Living With Conditions Don't Worry But Don't Wait
“I’m so sorry,” said the nurse. “Your baby failed the hearing screening.”
That is what we heard minutes before being discharged from the hospital after a long three day stay.
Our three day old son failed his hearing screening. We didn’t even know that existed because our older daughter must have passed and they didn’t even mention it.
The nurse came into the room with a somber look on her face. She explained to me that my child couldn’t hear. She told me that they even tried four times. FOUR TIMES!
Immediately, I couldn’t hear another word she had to say. My baby was deaf. We would need learn sign language. How would I explain this to our family? Will he be successful? Will people make fun of him? I was already stressing about the life my child would live and he was only three days old.
The nurse left and returned and handed me a card for a local hospital’s pediatric audiology department. She explained to me while avoiding my eyes, “It’s ok. He’s ok. He’s perfect. He probably doesn’t even have a hearing loss and, likely, isn’t deaf. LOTS of c-section babies have residual fluid and that’s probably the issue. Call this number and make a follow up appointment with them for another screening. But, really, don’t stress about it and don’t worry.”
While wiping my tears, I really heard what she said. “DON’T WORRY.” Whew. Ok. She was in the medical field and she must know. I didn’t worry. I shoved the phone number to the audiologist’s office so deep into my bag and forgot all about it.
I found it, six weeks later, at the bottom of the bag where I put all the other unimportant papers. I called the number and made an appointment. They had room right away. After a two-hour hearing screening, which we didn’t worry about, the audiologist came back in with the results. Our baby had a profound loss. PROFOUND. It was considered a congenital loss, meaning he was born with it.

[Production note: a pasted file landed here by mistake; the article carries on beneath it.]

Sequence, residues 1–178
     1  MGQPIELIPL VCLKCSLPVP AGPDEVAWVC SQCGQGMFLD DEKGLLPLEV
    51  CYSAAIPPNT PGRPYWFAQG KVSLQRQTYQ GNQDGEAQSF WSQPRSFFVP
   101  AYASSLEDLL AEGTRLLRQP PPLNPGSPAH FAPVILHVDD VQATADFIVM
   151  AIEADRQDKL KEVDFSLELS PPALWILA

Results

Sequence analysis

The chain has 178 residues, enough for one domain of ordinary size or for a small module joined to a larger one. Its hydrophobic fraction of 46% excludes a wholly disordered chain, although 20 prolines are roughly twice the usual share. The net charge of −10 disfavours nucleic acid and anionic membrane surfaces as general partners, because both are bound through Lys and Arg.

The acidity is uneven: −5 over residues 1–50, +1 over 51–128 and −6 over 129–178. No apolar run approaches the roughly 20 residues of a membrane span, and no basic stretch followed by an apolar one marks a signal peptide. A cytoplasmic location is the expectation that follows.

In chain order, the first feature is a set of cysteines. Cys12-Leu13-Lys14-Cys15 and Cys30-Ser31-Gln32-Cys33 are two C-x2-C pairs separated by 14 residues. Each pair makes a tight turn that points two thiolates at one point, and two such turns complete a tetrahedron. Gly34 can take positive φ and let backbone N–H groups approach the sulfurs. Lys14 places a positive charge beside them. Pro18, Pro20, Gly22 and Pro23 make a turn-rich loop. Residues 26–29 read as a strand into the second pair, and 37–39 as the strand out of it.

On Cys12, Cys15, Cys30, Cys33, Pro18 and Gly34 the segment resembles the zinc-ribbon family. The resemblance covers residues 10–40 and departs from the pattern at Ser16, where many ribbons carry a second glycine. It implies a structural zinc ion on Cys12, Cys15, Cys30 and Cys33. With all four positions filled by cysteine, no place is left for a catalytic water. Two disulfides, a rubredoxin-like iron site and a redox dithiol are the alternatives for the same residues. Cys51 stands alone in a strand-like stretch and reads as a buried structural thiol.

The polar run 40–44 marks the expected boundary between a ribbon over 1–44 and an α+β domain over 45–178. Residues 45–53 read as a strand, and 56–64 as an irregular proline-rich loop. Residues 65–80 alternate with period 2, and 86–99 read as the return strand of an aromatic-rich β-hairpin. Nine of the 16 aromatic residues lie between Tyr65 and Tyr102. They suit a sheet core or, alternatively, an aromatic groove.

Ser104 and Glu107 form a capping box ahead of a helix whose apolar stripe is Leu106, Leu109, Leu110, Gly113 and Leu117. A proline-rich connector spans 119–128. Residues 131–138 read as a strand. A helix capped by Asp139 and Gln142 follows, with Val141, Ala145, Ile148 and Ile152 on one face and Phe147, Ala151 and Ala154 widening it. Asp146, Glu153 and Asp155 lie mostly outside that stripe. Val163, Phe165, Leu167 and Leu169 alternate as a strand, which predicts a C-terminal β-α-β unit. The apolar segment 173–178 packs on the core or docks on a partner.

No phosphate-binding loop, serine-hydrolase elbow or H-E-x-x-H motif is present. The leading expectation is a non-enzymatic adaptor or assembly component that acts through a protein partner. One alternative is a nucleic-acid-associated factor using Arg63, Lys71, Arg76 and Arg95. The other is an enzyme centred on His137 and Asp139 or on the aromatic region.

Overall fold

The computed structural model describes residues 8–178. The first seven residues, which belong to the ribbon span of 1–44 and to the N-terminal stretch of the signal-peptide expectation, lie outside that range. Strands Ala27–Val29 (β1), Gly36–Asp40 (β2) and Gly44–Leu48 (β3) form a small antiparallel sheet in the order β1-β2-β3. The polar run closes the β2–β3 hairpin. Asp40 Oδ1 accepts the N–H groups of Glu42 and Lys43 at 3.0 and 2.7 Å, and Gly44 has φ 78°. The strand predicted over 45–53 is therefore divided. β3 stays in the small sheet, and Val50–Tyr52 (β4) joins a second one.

How could that nurse tell me not to worry? I wasted all this time “waiting for the fluid to drain”. If I only hadn’t waited. I wish she had said, “Don’t worry, but don’t wait.”
Although we waited for a follow up screen, my son was fitted for bilateral hearing aids by ten weeks of age. When he turned six months, he had a language evaluation and another hearing test. These assessments revealed that he did not have access to the speech banana and his hearing aids were not working for him.
When he turned twelve months old, we made the decision to have him bilaterally implanted with cochlear implants. With extensive therapy and a lot of work at home, our son was discharged from speech at 3 years old. He was assessed and the results showed he was within normal range for speech development when compared to peers with normal speech development. He is in a general education classroom with hearing peers and, often, talks more than they do! He has learned to advocate for himself and embraces his differences.
If the newborn hearing screening had not been available to us, we would not have known about his hearing loss at all. I do wish the nursing staff had delivered the message in a different way, but I am so thankful that we were able to provide him with early intervention for a successful outcome.
By Michelle Thomas